On the face of it, this whole idea of AOL somehow buying Yahoo seems absurd. AOL’s market cap ($2.6 billion) is about one eighth the size of Yahoo’s ($20 billion). But as the Wall Street Journal reports, private equity firms Silver Lake Partners and Blackstone Group are penciling out ways to combine AOL with Yahoo in some sort of reverse merger, with Tim Armstrong becoming CEO. The thinking is that Yahoo could sell it’s 40 percent stake of Alibaba (which could be worth as much as $10 billion) back to Alibaba, and shed some other assets as well to shrink the company to a more manageable size. AOL would do a reverse merger into Yahoo, and the private equity firms would finance the whole thing with debt, possibly taking the newly merged company private.
It sounds like a pretty tortuous transaction. (Disclaimer: Although I am now an AOL employee and TechCrunch is a recent acquiree, I have no direct knowledge of these talks one way or another). Even the WSJ notes that nobody’s bothered to ask Yahoo what they think about this idea yet. That’s because it’s a trial balloon.
If the stock goes up on the rumor, the idea could gain currency among shareholders and Yahoo’s board might have to actually consider it. By leaking the details of the proposed deal to the WSJ, the people who want to make the deal happen are presenting the idea directly to shareholders rather than privately discussing it with Yahoo first. That fact alone makes it a long shot. Great deals that make sense financially usually get worked out first in private between the two companies merging. Public trial balloons like this one go up when shareholders are so frustrated with a company, as they are today with Yahoo, that they grasp at any chance at a new direction.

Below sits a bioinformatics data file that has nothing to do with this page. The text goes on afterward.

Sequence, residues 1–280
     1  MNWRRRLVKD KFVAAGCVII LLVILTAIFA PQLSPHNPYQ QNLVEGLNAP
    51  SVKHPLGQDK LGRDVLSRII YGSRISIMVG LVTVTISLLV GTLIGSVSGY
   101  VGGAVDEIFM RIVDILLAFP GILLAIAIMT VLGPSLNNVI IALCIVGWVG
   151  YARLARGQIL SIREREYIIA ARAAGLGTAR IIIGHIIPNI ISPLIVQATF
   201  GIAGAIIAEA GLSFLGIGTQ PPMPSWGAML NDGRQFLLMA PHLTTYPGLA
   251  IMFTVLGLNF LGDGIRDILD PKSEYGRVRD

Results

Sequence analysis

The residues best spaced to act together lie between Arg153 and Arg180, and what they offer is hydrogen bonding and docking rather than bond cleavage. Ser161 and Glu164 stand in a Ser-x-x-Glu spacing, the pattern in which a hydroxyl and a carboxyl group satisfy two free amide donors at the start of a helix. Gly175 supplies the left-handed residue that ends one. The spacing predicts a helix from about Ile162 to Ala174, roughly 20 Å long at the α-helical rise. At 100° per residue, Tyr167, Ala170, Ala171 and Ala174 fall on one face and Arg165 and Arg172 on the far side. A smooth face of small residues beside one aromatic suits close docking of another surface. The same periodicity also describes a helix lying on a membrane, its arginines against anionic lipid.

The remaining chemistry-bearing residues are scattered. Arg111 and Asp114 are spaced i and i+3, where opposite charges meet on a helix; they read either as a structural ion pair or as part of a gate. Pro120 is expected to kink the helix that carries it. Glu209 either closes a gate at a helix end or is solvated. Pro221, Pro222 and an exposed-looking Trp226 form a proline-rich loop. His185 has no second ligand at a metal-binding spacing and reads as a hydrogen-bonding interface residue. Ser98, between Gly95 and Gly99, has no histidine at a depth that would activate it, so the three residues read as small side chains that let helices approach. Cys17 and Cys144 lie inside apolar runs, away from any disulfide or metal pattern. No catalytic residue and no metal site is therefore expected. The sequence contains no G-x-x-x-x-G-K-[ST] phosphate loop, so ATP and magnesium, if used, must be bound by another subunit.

But let’s look at how such a deal could work. Combining the two companies is not a completely crazy idea. It’s not the first time an AOL-Yahoo combo has been considered either. Two years ago, an AOL-Yahoo merger was thrown out there as an alternative to a Microsoft buyout. Heck, Steve Case once tried to buy Yahoo for $2 million back when it was just Jerry Yang and David Filo.
Things are different this time around. AOL is once again a newly public company trying to reinvent itself as a 21st Century digital media company. It one of the Web’s largest publishers and advertisers, with particular strength in online display ads, much like Yahoo. The online advertising business benefits from scale. Henry Blodget has detailed many of the reasons why an AOL-Yahoo merger makes sense: they both operate online media properties which attract advertisers by their sheer size and reach; they can cut costs by eliminating duplication (mail, homepage, IM, sports, finance, ad network, etc.); they would gain more leverage with search and media partners.
All of that is true. Buying scale makes sense to some extent. And Yahoo buying AOL, rather than the other way around, would make even more sense and be a lot cleaner. (Armstrong can still become CEO, and Bartz can become chairman). But there are downsides as well. While Yahoo and AOL are distracted with firing people and integrating business units and backend technologies for at least two years, the Internet will continue to move ahead without them. Big mergers rarely work out well.
While it might look convincing enough on paper, what Armstrong and Bartz (two aging portal players proposing to prop each other up) really have to ask themselves is this: Do they want to merge with the past, or invent the future? Merging doesn’t help them with social. It doesn’t help them with search. It doesn’t help them with mobile, and it barely helps them with local. It only helps them with one thing: scale. And that may no longer be enough.
Photo credit: Flickr/Marcus Vegas.